06 Apr 2018

What Not to Do When Helping a Grieving Loved One

Holding handWhat do you say to someone who has suffered tremendous loss? This is a difficult support to give to a family member or friend. Grief comes from many types of losses, not just death. Divorce, the demise of a pet, job loss, or even breakups can result in profound sorrow.

Here are some of the problematic ways people have tried to help a grieving loved one.

Tough love

Eager to see friends get back on their feet, people exert significant pressure to make the grieving do something they’re not ready to do just yet. These include getting back to work, hitting the gym, or quitting negativity. The pace in which people go through the stages of grief varies significantly.

Tough love rattles them out of their own comfortable pace and makes them feel even weaker. Let the grieving cry if they have to.

Unsolicited advice

Saying it once is okay but expecting grieving loved ones to follow your advice creates nagging pressure, which may not be helpful. Even those who are going through tough times and whose judgment may appear clouded deserve to have their choices respected.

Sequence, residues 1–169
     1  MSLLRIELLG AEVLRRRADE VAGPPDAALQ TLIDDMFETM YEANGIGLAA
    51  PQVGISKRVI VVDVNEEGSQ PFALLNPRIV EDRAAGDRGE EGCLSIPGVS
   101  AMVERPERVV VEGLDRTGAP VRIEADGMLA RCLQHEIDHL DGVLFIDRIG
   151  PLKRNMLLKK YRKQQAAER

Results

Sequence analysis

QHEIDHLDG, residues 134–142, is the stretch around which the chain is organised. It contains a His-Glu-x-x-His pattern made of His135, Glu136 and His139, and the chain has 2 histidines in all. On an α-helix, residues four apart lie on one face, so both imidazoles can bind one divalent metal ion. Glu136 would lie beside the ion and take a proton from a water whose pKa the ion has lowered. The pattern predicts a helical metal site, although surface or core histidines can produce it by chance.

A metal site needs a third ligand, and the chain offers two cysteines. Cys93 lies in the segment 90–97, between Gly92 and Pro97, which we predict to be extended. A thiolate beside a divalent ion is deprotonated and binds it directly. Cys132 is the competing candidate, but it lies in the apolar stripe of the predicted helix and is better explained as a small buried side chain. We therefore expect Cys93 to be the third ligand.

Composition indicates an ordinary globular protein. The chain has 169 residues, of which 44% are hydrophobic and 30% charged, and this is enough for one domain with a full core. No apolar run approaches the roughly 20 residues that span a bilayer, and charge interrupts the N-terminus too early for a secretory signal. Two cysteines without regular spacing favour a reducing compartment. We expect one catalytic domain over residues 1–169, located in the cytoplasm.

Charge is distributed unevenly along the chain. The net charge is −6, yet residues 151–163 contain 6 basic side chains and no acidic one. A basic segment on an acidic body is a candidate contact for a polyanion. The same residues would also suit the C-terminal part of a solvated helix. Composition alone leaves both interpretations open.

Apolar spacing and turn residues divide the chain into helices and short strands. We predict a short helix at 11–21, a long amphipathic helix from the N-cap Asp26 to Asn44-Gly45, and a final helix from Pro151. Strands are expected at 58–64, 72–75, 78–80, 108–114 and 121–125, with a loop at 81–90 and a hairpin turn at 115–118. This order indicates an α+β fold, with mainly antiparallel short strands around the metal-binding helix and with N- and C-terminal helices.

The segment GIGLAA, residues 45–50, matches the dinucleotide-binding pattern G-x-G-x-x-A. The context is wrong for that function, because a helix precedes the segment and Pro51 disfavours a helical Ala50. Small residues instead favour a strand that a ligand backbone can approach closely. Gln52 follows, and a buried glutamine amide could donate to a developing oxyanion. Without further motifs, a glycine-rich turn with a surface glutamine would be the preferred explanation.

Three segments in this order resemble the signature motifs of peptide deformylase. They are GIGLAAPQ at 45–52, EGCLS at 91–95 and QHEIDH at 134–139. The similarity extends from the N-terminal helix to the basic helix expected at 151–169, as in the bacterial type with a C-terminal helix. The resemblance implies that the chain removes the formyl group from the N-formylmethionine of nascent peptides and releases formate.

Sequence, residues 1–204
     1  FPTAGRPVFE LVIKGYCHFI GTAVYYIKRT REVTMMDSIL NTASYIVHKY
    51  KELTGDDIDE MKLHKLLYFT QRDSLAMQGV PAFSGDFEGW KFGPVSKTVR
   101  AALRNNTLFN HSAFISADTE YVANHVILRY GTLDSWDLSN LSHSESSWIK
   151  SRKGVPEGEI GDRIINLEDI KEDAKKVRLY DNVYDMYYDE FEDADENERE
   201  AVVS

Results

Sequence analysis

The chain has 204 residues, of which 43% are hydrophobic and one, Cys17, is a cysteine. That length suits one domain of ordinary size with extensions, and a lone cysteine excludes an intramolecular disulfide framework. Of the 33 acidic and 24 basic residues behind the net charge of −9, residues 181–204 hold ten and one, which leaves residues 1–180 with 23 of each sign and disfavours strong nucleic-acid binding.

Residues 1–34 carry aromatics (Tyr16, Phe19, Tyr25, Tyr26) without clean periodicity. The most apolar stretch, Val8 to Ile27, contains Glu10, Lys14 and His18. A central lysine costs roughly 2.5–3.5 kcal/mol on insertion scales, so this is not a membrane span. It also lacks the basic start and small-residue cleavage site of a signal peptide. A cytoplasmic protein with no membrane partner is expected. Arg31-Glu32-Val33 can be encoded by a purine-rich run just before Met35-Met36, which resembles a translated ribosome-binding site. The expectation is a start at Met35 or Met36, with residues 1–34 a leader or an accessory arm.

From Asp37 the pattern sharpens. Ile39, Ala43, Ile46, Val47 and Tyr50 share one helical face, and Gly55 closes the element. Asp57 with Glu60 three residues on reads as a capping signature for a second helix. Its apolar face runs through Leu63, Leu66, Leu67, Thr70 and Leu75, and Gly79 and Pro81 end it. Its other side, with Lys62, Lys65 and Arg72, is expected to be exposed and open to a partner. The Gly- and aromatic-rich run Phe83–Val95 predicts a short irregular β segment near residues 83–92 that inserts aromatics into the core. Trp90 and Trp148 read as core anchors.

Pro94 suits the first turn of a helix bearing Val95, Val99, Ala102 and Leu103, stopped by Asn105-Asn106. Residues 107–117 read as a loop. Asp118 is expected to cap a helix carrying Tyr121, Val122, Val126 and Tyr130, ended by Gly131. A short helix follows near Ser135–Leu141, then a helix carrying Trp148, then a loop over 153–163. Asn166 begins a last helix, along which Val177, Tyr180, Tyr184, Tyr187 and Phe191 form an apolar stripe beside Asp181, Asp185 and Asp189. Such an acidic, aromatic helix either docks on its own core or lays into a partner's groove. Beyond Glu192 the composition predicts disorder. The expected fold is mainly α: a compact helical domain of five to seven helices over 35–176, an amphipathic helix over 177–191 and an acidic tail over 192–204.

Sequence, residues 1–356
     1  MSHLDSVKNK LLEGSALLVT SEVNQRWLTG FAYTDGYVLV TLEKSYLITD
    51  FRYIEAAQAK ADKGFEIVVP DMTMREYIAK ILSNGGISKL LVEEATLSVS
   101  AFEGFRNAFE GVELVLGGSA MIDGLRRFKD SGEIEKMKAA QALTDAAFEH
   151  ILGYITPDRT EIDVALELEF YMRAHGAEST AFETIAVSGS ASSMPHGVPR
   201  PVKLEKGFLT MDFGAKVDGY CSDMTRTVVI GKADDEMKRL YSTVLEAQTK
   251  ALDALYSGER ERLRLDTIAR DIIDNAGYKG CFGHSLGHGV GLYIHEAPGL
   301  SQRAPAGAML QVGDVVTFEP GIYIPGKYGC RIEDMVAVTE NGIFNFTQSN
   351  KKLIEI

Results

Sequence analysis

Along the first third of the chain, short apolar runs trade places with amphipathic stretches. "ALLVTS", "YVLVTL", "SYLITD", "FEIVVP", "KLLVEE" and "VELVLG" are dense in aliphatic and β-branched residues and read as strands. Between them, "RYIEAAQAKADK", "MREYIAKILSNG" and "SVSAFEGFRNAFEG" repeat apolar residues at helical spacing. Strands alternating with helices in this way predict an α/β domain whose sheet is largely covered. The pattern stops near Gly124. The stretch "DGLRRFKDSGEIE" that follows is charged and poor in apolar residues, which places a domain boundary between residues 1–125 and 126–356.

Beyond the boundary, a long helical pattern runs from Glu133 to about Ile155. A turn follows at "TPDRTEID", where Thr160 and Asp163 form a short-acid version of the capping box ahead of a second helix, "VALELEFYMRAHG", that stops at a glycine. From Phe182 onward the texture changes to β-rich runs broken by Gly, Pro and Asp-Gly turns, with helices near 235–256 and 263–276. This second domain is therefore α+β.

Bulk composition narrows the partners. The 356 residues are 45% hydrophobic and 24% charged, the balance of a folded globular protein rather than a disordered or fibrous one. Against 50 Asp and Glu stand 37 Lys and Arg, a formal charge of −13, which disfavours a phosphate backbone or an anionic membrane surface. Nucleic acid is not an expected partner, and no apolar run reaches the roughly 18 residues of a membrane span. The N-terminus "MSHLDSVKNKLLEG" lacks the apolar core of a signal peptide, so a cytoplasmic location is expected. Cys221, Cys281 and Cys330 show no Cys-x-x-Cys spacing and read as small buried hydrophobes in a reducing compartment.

The reason pets can give excellent support during these troubled times is that they provide so much love without asking for too much in return. Pets make no imposition.

Setting a timeline for recovery

Have you ever had the urge to ask a friend why she isn’t over her heartbreak yet? Even experts agree people recover differently in terms of method and timing. Typically, grief has the following stages: denial, anger, bargaining, depression, and acceptance.

There’s no telling how long a grieving loved one will linger in each of these stages. To learn more about how to recognize and handle these emotions, grief and bereavement programs here in Indiana can enlighten you and provide professional support.

Some losses change people significantly, and it is best to allow recovering loved ones to grow on their own. Accept that their lives and even your relationship will not be the same. But if you offer love, space and an ear that listens without judgment, there’s a good chance hope and joy will triumph over grief.

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